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December 16, 2011 / jmeuropeana

Sound Different

Today the Dutch TV show De Wereld Draait Door has done yet another version of Apple’s Think Different commercial. This time under the heading ‘klink anders’ (Sound Different): what are the real innovators in popular music. After two weeks of regular updates by various music professionals and journalists, this is the final list:
Kraftwerk, Michael Jackson, Elvis, Ramones, David Bowie, Bob Marley, Bob Dylan, Jimi Hendrix, Ray Charles, Chuck Berry, James Brown, Carole King, Led Zeppelin, Rolling Stones, Prince, Little Richard, The Beatles

Here is the final commercial (not yet on YouTube, so I cannot embed).

Let’s see how many of these we can find in Europeana:
[Michael Jackson, 30 ans de carrière]
Elvis Presley
Ramones?
Nouveau Bowie
Bob Marley - Rasta- Locken, drealocks
BOB DYLAN - GREATEST HITS
[Jimi Hendrix]
Ray Charles à Juan-les-Pins

Décès de JAMES BROWN
The Early Years
Led Zeppelin: The Classic Interview - Robert Plant
Musique : biographie des Rolling Stones
Prince?
Tutti Frutti
Utklippsbok

Very interesting stuff, expecially all of those wondeful videos from INA. Through the video archives, Europeana still has a lot of material covering 20th century popular culture.
Only two I could not find (yet) anything for the Ramones and for Prince – he may be in there, but of course he has a very generic name 🙂

December 15, 2011 / jmeuropeana

Пушкинский дом (Pushkin House) opens in St. Petersburg

On the 15th of December –

the Pushkin House opens in 1905, commemorating and preserving the legacy of the great Russian poet Alexander Pushkin. Pushkin House is the Russian state institute for literature. It is not the same as the Pushkin museum, which is an art museum and has nothing to do with the poet.

Here is some Pushkin in Europeana, ranging from a portrait, to literature history to music inspired by his work to commemorative coins – take your pick:
                  

December 14, 2011 / jmeuropeana

Roald Amundsen and his team reach the South Pole

On the 14th of December –

In the middle of the Arctic summer, In 1910 Roald Amundsen and his team (Olav Bjaaland, Helmer Hanssen, Sverre Hassel, and Oscar Wisting) reach the geographic South Pole. In collective memory, his competitor Scott usually gets more recognition. Scott reached the pole a few weeks later, and died on his way back to the Antarctic coast. Amundsen’s expidition was later criticized for just getting to the pole and back, rather than doing extensive surveying, as Scott did. I find this an interesting way of looking at the world: focus and success appear to be worth less than fuzziness and failure.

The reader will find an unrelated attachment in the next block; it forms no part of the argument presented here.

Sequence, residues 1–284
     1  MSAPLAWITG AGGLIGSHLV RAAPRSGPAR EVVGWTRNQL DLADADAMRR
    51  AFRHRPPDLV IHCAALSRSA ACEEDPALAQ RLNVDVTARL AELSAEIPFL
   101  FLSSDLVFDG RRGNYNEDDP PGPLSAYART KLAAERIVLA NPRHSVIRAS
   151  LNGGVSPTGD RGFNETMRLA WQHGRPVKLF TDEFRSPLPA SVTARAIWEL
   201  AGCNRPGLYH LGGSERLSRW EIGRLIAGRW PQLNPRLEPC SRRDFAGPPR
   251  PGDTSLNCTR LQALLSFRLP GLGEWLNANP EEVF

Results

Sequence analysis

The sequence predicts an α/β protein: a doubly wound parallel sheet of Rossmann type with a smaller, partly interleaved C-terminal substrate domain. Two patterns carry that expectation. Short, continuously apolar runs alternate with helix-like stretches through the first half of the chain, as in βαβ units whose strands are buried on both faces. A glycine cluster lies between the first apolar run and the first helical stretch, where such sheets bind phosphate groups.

Here are some images of Amundsen and his expedition:
maleri

This is the iconic photograph of Amundsen and his team looking at the Norwegian flag at the South Pole:
Roald Amundsen (geheel links) en enkele leden van zijn expeditie hebben voor het eerst in de geschiedenis van de mensheid de Zuidpool bereikt en groeten de Noorse vlag die in de barre ijswind wappert

Trykk

Amundsen’s ship the Fram:
Colin Archer-skøyta "Fram" ved Baalerud

One of Amundsen’s expedition team members, Oscar Wisting:
portrett

An English translation of Amundsens own account of the expedition:
The South pole; an account of the Norwegian Antarctic expedition in the "Fram," 1910-1912, by Roald Amundsen; tr. from the Norwegian by A.G. Chater. With maps and numerous illustrations. Volume 1

December 13, 2011 / jmeuropeana

University of Leipzig is founded

On the 2nd of December –

in 1409 (!) the Universität Leipzig is founded, so today it celebrates it 602nd birthday, or Dies Natalis as academics are wont to call that.

In 1909 they celebrated their 500th anniversary, and we have the pictures to prove it:
                                                

December 13, 2011 / jmeuropeana

Ice cream cone machine is invented

On the 13th of December –

In 1903 Italo Marcioni from Hoboken, New Jersey takes out a patent for a machine to produce edible ice cream cones:
Painting - Artwork for a postcard.

some more ice cream in Europeana:
            

December 12, 2011 / jmeuropeana

Mona Lisa recovered

On the 12th of December –

in 1913 Leonardo da Vinci’s painting of the Mona Lisa (la Joconde) was recovered in Florence, after being stolen two years earlier. Believe it or not, both Appolinaire and Pablo Picasso were brought in and questioned in relation to the theft. In fact it was stolen by an Italian Louvre employe by the name of Vincenzo Peruggia from a mixture of patrotic and monetary motives. He was caught when he tried to sell the painting to the Uffizi Gallery in Florence – not the brightest kid on the block, this Peruggia. The story of the kidnapping of the painting did much to strengthen its public appeal.

Here are some of the many, many images, renditions, parodies and detailed photographs in all manner of spectra we have in Europeana for the Monal Lisa:
                                    

December 11, 2011 / jmeuropeana

Herculaneum rediscovered

On the 11th of December –

In 1738 the inscriptions at the entrance of the theatre in Herculaneum were discovered, confirming that there was indeed a substantial city buried beneth the rubble there. The excavations that followed were an inspiration for much of neo-classicism.

Here are some objects from Herculaneum, and some art and books inspired by the finds, in Europeana:
                                     

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